As for Green, Aldridge thinks that the book might not be closed on an extension for the player Thunder fans call "Uncle Jeff". In his Morning Tip column, Aldridge says, "Green could certainly argue he deserves a new deal after averaging 15.1 points and six rebounds a game last season for the emerging Thunder. And Green's agent, David Falk, has a way of persuading teams to see things his client's way, so Green's status may change by the deadline. Oklahoma City's plan has been to keep its powder dry until its young core group came on line for new deals."

The problem for Green though is his teammate. No not, that Kevin Durant guy. It's his other soon-to-be-a-star teammate, Russell Westbrook. Next summer, Westbrook is eligible for his contract extension. And much like the way the Thunder treated Durant by showing up at his door at midnight, Westbrook will likely be inked on the spot. That complicates things for Green.

Nobody really knows his true market value quite yet, just like nobody really knows exactly where he should be playing. Is he a $10 million per year player? More? Less? It's hard to say at this point. And that might be why the Thunder's likely willing to let him walk into restricted free agency. This season is big in determining that value. It's a risk for the Thunder though. There are a lot of dumb general managers out there and one is likely willing to overpay Green because he's a pretty good player playing third or maybe even fourth fiddle on a good team. Someone could very easily put $11 or $12 million a year under Green's nose.

If Green wants a lot of money, then Oklahoma City might not be able to pay him. As of now, both GM Sam Presti and Green are saying the right things. Green says he's not worried about it and that's why he has representation. He said at media day that he'll let it happen when it does. And Presti said he's had "positive discussions" with Green, but won't say anything other than that.

As for Brooks, it's already been made clear he's not likely getting extended. As the reigning Most Improved Player and a guy that's potentially a star caliber talent, he's a little miffed over it. But GM Daryl Morey doesn't want to extend Brooks for a lot of the same reasons Presti doesn't want to lock in Green. It's not to say either GM doesn't want to keep their guys, it's just that they don't want to overpay without knowing completely what they have. Plus, the looming CBA negotiations are hanging overhead and it makes it tough to just hang a big multi-year extension in front of anyone and everyone. It's fiscal responsibility, but at the same time, risky behavior because you may have to pay more to keep your man next summer. Interesting dynamic there.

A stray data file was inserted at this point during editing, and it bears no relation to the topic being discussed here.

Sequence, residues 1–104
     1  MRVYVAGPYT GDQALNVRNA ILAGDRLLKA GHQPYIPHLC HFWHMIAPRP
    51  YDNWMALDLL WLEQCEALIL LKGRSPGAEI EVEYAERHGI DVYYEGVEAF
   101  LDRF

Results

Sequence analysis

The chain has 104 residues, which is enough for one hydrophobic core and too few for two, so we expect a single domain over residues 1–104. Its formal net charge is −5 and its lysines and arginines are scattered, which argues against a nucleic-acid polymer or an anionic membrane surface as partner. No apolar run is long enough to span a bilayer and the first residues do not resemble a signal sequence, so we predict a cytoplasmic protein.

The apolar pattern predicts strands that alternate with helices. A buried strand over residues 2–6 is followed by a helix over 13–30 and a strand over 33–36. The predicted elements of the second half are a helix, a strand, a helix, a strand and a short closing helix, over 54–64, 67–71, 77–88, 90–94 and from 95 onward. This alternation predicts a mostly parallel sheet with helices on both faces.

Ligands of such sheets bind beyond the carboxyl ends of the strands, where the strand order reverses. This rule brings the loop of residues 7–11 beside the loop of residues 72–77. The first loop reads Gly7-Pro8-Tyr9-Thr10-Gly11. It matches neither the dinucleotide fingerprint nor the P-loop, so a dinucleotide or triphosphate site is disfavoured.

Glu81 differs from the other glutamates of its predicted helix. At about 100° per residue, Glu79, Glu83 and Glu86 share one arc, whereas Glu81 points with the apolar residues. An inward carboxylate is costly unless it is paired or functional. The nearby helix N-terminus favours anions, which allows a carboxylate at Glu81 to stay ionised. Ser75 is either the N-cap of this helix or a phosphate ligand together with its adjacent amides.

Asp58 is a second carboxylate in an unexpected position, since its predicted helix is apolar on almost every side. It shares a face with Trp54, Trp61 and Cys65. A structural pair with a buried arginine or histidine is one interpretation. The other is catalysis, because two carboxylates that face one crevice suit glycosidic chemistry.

With this class looking at two and probably three extensions, a small trend is developing. The 2006 class had six extensions (Andrea Bargnani, Brandon Roy, LaMarcus Aldridge, Thabo Sefolosha, Renaldo Balkman, Rajon Rondo). The 2005 group had eight (Andrew Bogut, Chris Paul, Deron Williams, Andrew Bynum, Danny Granger, Jason Maxiell, Francisco Garcia and Martell Webster). 2004 had six (Dwight Howard, Devin Harris, Al Jefferson, Kris Humphries, Jameer Nelson and Kevin Martin, but the all-time great class of 2003 had 15 (LeBron, Carmelo Anthony, Dwyane Wade, Chris Bosh, etc.). Either the talent has dropped a bit or GMs are just a little tighter with those extensions. It's probably a combination of both. And of course, that darn CBA.

(As an example though, out of that 2006 class, some players that got restricted free agent contracts but not extensions: Rudy Gay, Luis Scola, Ronnie Brewer and Tyrus Thomas. So just because someone isn't extended that doesn't mean they won't get paid big and/or stay with their current club.)

But then again, would you extend Thaddeus Young, Yi, Rodney Stuckey, Jared Dudley, Spencer Hawes, Rudy Fernandez, Al Thornton or Nick Young? (Interestingly, Ernie Grunfeld has the opportunity to do so on like half the 2007 class.) It's not exactly a group that screams multi-year, multi-million dollar contract.

Though it appears we may be in a new climate for contract extensions and it's something the 2008 class (Derrick Rose, Michael Beasley, Westbrook, O.J. Mayo, Kevin Love, etc.) will likely have an eye on. The new CBA will determine a lot of these players' future. So Nov. 1 will probably just have to come and go while they wait to see what happens next summer.
 
 
 
 
The views expressed in this blog are solely those of the author and do not reflect the views of CBS Sports or CBSSports.com